Hail Forecasts May Be Improved Using Artificial Intelligence

Linda Lam
Published: August 21, 2019

Forecasting hail may become more accurate thanks to artificial intelligence.

A new study from the National Center for Atmospheric Research (NCAR), published in the American Meteorological Society's Monthly Weather Review, compared forecasting hail using so-called deep learning models to standard machine learning.

Specifically, researchers used the same technique used in facial recognition to train the model to search for and recognize patterns in the 3D structure of a thunderstorm that are related to hail formation.

Betty Proue holds some of the large hail that damaged her house and outbuildings on Sunday evening as residents clean up after high winds and large hail pounded Yellowstone County in Huntley, Mont., Monday, Aug. 12, 2019.
(Larry Mayer/The Billings Gazette via AP)

The deep learning technique was found to be more skillful than a previously tested form of machine learning in predicting whether hail would form and how large the resulting hailstones might be.

The techniques focused on predicting which storms would produce severe hail (hailstones at least one inch in diameter) up to an hour after the storm was detected.

Currently, because the complex nature of storms, only a small part of a given storm's most important features for predicting hail are analyzed. Artificial intelligence, however, is able to teach itself what features are key to predicting hail and can quickly analyze those features.

"Using these deep learning tools in unique ways will provide additional insight into the conditions that favor large hail, improving model predictions," said Nick Anderson, a program officer in National Science Foundation's Division of Atmospheric and Geospace Sciences, which funded the research.

"This is a creative and very useful convergence of scientific disciplines."

The size of hailstones can vary depending on the path the hail takes through a storm and the weather conditions along its path.

“We know that the structure of a storm affects whether the storm can produce hail,” said NCAR scientist David John Gagne, who led the research team. “A supercell is more likely to produce hail than a squall line, for example. But most hail forecasting methods just look at a small slice of the storm and can’t distinguish the broader form and structure.”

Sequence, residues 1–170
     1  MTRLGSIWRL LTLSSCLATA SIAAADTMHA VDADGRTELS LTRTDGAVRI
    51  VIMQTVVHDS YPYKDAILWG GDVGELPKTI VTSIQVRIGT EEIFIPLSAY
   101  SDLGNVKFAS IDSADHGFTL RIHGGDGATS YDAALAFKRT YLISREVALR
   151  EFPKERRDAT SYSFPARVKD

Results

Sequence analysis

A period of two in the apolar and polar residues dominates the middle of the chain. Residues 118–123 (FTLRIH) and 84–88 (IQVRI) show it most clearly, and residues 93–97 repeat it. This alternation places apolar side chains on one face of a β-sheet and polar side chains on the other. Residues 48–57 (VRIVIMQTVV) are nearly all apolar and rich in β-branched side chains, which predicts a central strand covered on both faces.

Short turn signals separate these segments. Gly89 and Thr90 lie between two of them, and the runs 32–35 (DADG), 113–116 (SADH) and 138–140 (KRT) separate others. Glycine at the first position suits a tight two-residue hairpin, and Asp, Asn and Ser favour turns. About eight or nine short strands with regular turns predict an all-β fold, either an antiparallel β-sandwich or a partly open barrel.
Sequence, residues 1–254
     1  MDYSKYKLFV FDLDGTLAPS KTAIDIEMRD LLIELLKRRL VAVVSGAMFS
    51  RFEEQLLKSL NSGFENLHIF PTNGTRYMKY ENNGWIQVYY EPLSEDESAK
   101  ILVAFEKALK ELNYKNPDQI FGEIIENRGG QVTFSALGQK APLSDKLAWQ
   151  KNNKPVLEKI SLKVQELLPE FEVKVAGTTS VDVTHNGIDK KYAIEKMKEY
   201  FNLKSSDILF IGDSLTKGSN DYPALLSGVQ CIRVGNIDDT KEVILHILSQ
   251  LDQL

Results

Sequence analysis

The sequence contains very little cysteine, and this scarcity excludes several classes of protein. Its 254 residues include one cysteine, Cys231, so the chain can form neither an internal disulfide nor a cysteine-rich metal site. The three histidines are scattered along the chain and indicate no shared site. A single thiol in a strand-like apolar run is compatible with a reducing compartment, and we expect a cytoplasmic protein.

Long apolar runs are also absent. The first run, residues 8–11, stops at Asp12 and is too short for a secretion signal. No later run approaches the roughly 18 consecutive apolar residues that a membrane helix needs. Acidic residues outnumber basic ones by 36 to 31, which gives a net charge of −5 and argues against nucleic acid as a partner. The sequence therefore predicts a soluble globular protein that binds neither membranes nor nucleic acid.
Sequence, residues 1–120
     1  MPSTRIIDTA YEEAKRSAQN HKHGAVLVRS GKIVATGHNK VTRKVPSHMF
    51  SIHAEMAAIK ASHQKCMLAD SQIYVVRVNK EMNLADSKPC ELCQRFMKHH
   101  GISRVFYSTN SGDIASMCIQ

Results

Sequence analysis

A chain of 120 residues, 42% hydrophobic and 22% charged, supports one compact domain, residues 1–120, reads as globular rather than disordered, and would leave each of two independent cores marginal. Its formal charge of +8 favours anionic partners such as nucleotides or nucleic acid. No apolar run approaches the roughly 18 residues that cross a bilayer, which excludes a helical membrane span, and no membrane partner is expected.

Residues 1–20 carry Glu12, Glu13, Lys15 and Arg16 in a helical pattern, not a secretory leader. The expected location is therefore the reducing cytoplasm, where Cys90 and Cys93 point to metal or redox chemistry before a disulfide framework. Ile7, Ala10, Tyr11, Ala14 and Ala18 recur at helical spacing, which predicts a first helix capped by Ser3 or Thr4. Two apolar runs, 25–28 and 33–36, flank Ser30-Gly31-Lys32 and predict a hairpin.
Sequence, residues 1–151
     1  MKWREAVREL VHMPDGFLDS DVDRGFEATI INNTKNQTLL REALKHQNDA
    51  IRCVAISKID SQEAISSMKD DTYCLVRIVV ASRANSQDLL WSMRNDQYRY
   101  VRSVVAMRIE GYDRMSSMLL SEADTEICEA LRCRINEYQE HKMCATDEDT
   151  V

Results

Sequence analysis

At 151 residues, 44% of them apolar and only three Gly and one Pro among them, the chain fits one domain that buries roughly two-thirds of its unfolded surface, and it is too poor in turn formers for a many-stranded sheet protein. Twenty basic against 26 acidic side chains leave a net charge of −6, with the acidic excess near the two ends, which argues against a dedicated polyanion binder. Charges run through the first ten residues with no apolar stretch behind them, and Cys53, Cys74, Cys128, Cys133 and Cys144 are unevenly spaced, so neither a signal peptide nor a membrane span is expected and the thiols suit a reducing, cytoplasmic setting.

Having the ability to more accurately predict if a given storm will produce hail and how large that hail will be can be very beneficial, since large hail often results in property and crop damage, as well as injury.

(MORE: Hail: The Most Underrated Costly Weather Disaster

One of the cars damaged by a hailstorm on Monday, Aug. 6, 2018, at the Cheyenne Mountain Zoo in Colorado Springs, Colorado. At least eight people were injured by the hail.
(Colorado Springs Fire Department public information officer)

Analysis showed that the deep learning system discovered, on its own, the same factors that other research has confirmed make a storm more likely to produce severe hail.

These characteristics include storms that have a more circular shape, favorable wind shear (winds blowing from the southeast at the surface and from the west at the top) and a vertical pressure pattern that favors strong updrafts.

“The shape of the storm is really important,” Gagne said. “In the past we have tended to focus on single points in a storm or vertical profiles, but the horizontal structure is also really important.”

Additional testing using storm observations and radar-estimated hail is needed before the technique can be used in daily forecasting.

How Hail Forms

Hail is a form of frozen precipitation that is created by thunderstorms with strong updrafts or fast air that is pulled upward.

The center of the hailstone is an ice particle. At first, the ice particle remains within the thunderstorm, often at temperatures well below freezing, due to the force of the updrafts.

However, it may grow as it collides with droplets of supercooled water (which remain unfrozen because they lack a surface on which to freeze). A hailstone is born as these supercooled water droplets freeze onto the ice particle.

Air bubbles can get trapped in the developing hailstone, leading to a more spongy texture.

The hailstone may continue to collide and coalesce with other water droplets and ice crystals until it is thrown outside the main updrafts or it becomes too large and heavy to be influenced by the updrafts and falls to the ground.

The stronger and more sustained the updrafts, the larger the hailstone can become.

Sometimes a hailstone will make several circuits into and out of a strong updraft, growing larger each time, before finally falling to the ground.

Hail size and updraft needed.

According to the National Weather Service, in order to produce dime-sized hail, a thunderstorm would need to have an updraft speed of at least 38 mph.

Wind shear (changes in wind direction and speed with height) helps to separate a thunderstorm's updrafts and downdrafts, which allows for stronger updrafts and a better chance of hail. Highly unstable conditions (relatively warm, moist air near the surface with relatively cooler, drier air aloft) also lead to stronger updrafts and larger hail.

Hail is also more likely in storms where the freezing level is relatively low, closer to the bottom of the cloud. This is especially common across the higher elevations of the High Plains, where cloud bases are higher than in the eastern U.S.

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